So in the end, although the scenery of Montenegro, Venice and the Lago di Como is fabulous, the stunts impressive and the plot full of somersaults, it's no longer really a James Bond. It's a 2 hour and twenty minute long thriller, with a ruthless and cold-hearted, steal-eyed and brutal secret agent, who after each confrontation and
his enemies dead, is left bruised and bloody, colder and lonelier than ever.

Bond films might have reached the end of their life cycle, but they were different from all the other action/thriller movies. James Bond was the world's most notorious secret agent, and his lines might have been out-dated and sexist, but they were unmistakeably his. Sure, he would punch and fight, but there was nothing gruesome about it. Now with Casino Royale, we might be at the beginning of Bond movies that are just like any other thriller.

Wednesday, November 15, 2006


Istanbul was great.
We were there on our own, not playing guide to friends, nor sharing our stay with business related matters. Also, having been a few times now, we've been to all the main tourist must-see locations, so we could just wander as we pleased.

It felt like autumn - it was chilly and windy and leaves were falling- not spring-like as it is in Izmir. Don't get me wrong, I definitely appreciate the warmer climate, but it somehow feels weird for it to be greener than ever in November. So I enjoyed the wind and the leaves and the Istanbul autumn sun.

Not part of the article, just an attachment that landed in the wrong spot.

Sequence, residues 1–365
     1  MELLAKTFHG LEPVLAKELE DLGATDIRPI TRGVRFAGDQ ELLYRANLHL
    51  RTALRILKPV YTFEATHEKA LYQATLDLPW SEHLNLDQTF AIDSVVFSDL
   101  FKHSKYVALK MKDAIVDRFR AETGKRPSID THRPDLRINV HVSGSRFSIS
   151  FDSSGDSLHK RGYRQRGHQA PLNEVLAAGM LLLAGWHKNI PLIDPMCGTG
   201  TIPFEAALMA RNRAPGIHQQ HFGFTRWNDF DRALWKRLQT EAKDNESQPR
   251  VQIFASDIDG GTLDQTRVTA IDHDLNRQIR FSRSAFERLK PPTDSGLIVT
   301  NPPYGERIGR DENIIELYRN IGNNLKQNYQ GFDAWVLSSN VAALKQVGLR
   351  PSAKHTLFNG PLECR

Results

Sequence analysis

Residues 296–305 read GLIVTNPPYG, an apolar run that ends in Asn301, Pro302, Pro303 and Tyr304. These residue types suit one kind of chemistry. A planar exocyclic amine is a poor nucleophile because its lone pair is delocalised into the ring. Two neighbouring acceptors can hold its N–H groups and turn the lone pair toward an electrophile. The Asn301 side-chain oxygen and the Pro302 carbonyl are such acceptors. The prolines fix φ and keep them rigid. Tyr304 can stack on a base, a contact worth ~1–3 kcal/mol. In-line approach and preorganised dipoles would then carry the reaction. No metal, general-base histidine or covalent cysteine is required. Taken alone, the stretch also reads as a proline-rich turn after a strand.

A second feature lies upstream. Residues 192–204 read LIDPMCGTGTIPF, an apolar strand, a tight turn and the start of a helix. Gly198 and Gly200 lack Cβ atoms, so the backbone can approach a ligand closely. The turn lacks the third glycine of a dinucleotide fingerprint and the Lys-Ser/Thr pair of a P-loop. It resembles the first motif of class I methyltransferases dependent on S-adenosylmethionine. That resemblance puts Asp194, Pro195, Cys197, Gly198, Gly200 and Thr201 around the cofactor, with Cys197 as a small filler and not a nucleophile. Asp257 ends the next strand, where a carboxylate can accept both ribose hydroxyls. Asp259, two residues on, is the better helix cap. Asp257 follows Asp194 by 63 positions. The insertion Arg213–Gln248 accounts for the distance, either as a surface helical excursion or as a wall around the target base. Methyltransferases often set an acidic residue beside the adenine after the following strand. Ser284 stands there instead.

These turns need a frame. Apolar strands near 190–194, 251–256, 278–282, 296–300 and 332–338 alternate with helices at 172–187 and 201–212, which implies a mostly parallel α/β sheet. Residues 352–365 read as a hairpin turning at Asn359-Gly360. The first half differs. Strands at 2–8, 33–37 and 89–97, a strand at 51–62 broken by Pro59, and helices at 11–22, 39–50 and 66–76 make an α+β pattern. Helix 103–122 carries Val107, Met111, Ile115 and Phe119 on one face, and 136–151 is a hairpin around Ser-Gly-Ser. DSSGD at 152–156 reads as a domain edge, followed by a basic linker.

It was urban.
What is that supposed to mean? Well, there are lots of different cafés full of people reading weekend editions, sharing brunch and a chat. The streets were busy, young and old, fashionistas and devil-may-care, students and families strolling, window shopping and sitting on benches. I love urban trekking; discovering the contrasting neighborhoods and districts of a city, its shops and cafés, museums and buildings, parks and squares, and people from different walks of life. Istanbul is superb urban trekking territory.

Wherever you turn, there's a feeling of
history mingling with modern chaos. Old crumbling buildings, renovations going on, trendy shops and bars siding with older börek shops or incense vendors, entire shops dedicated to baklava and other honey coated pastries next to up-market deco shops, banks next to knick-knack vendors, mosques and ruins. Buildings from the nineteenth century are by far not the oldest. Some are in superb condition, other are a threat to public safety, especially in a region often visited by earthquakes. The fact that they have not managed to turn it into a homogenous picture perfect newly renovated postcard gives it a rough class in my eyes. It's still a mess, and far from the polished glamour so many cities of historical importance seem to ooze, but it feels real.

There's an air of creativity and vibrant energy. Cafés, jazz clubs, garden lounges, saunas and shops are sprouting where you would never guess to look; behind the doors of a crumbling building and shabby entrance lies a café in the premises once occupied by the Italian Labour Association (Società Operaia Italiana), on terraces, roof tops, in court yards, basements, dead ends, you name it. Istanbul is vibrant with (chaotic) life.